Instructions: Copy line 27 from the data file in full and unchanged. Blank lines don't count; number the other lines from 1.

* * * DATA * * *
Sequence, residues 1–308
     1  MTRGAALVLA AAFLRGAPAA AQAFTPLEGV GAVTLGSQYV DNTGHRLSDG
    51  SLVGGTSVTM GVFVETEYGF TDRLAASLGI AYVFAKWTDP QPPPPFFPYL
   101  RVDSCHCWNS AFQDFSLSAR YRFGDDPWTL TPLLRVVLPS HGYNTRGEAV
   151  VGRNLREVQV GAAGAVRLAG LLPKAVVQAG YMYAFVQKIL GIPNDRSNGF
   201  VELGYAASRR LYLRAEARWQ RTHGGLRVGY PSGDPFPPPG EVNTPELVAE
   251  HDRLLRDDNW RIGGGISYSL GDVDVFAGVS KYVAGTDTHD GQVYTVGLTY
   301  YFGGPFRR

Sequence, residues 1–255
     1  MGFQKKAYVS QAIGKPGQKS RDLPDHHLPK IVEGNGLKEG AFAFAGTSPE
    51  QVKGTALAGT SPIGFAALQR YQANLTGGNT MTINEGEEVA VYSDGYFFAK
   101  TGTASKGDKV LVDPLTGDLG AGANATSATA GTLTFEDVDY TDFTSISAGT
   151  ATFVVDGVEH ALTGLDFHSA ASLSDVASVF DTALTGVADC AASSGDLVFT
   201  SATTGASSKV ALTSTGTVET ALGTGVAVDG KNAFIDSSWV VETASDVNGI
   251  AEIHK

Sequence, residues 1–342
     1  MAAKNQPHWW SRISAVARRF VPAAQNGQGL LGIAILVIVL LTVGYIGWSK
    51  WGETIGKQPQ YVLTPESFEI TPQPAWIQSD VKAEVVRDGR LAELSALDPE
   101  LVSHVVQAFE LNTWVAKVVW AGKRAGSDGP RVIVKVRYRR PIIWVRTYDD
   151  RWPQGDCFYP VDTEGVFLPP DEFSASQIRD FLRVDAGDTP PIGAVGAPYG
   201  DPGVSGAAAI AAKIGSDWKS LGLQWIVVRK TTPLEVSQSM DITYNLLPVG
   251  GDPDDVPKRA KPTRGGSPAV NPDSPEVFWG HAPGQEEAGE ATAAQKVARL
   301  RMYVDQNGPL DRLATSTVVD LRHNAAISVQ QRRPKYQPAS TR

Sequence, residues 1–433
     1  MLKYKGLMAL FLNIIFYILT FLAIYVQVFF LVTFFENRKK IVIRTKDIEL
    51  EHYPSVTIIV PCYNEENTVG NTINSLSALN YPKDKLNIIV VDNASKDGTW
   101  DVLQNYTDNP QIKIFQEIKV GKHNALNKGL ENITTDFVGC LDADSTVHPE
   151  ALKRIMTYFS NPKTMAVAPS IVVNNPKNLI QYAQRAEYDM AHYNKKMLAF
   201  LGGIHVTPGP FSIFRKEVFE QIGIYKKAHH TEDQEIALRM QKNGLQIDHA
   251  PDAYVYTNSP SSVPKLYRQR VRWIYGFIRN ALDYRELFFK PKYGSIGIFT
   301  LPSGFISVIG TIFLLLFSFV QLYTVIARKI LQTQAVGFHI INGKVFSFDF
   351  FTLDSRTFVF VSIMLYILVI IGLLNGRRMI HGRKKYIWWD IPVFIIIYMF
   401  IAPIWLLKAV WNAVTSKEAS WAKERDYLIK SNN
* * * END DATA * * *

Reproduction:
   101  DVLQNYTDNP QIKIFQEIKV GKHNALNKGL ENITTDFVGC LDADSTVHPE